I mean, now, months later, I think you'd be like, "Huh, interesting ideas, worth discussing," (I still have the text of it saved) but if we were "seeing" the queue within a week or a month of its deletion -- or GOD FORBID in real time -- it would have just been a tire fire.

(I haven't reposted it because other people posted similar MeTas that addressed the same ideas within a couple of weeks, and I thought did so more clearly than mine, so I just contributed my thoughts in those threads as appropriate.)
posted by Eyebrows McGee at 5:36 AM on November 12, 2015 [12 favorites]


E McGee makes some really good points there. I see the value in transparency but that is more theoretical to me compared to some situations I've seen where there would have been concrete damage from a Meta being publicly viewable in the queue immediately. If the mods make what is generally considered to be a major misstep related to the lack of transparency I would look at that again but for now it seems like the system (mostly) is a good compromise.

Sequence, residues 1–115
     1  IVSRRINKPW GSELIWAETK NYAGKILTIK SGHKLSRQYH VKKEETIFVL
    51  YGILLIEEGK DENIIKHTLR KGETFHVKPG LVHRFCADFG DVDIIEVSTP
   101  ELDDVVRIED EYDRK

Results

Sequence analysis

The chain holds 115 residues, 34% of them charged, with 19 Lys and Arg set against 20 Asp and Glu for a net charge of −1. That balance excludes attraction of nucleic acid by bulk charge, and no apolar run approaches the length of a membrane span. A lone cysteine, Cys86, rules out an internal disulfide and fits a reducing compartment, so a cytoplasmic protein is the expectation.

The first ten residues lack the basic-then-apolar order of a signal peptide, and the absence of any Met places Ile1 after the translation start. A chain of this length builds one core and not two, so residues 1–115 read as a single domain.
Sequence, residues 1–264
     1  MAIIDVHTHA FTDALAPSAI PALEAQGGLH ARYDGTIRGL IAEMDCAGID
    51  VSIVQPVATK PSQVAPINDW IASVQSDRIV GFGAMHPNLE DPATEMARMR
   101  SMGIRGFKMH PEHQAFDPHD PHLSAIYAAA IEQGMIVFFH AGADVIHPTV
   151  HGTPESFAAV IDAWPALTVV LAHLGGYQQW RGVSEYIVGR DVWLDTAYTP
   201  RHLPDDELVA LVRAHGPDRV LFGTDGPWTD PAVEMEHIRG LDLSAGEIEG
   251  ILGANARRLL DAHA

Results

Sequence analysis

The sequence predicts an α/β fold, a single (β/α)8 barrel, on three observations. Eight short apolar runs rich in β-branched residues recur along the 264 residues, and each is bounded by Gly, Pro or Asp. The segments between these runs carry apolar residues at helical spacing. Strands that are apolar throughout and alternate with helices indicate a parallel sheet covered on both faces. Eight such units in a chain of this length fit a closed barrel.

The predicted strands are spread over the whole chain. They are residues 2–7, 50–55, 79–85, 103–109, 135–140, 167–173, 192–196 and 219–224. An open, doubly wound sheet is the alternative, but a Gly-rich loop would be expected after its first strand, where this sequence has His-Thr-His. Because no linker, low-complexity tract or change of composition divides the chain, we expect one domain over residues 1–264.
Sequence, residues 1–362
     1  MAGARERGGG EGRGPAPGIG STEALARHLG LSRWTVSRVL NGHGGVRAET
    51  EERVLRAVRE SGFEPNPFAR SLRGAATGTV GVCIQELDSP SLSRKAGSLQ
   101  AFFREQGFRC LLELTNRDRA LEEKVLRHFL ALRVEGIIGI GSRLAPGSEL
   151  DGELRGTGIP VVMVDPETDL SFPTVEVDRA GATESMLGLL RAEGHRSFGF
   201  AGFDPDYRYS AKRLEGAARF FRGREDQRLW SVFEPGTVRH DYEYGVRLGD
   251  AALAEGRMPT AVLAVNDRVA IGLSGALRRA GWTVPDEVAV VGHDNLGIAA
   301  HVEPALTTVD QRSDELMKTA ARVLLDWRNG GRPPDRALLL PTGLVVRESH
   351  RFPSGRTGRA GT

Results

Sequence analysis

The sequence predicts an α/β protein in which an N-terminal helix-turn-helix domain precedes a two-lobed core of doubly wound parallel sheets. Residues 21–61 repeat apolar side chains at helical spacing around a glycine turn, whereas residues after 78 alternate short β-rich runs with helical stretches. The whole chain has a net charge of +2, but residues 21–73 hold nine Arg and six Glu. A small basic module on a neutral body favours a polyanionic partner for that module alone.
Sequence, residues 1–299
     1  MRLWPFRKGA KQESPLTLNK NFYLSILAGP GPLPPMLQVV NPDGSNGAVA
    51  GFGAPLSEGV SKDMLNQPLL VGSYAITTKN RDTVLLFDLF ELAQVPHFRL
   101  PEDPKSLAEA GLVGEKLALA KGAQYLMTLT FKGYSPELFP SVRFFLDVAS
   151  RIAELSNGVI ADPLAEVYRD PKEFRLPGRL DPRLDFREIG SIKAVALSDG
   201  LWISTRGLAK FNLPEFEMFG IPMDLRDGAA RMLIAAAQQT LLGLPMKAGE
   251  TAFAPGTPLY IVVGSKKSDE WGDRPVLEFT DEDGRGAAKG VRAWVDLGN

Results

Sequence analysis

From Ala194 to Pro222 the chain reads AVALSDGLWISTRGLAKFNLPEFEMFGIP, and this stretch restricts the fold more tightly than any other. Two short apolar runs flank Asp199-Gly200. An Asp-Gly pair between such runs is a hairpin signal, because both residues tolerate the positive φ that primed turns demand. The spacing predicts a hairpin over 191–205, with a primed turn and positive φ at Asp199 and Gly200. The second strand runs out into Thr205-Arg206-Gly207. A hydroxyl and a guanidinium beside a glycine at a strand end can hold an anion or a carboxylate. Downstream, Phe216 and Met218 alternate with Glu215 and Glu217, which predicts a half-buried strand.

posted by Drinky Die at 5:54 AM on November 12, 2015 [2 favorites]


[Comment removed; seriously drop it with discussing absent users, this is not something that can have a discussion in here about in way that isn't going to get unworkably ugly.]
posted by cortex (staff) at 6:09 AM on November 12, 2015 [2 favorites]


Here's a tabled-up rendering of the chart I put together while reviewing all this stuff today. I stopped at six months because that was a lot of work, though in principle we could look at this back through the start of the full-time queue last May; I don't know whether we retained rejected posts long term from the earlier occasional-use period of the queue, though pb would know.

This is exceptional. Thank you!!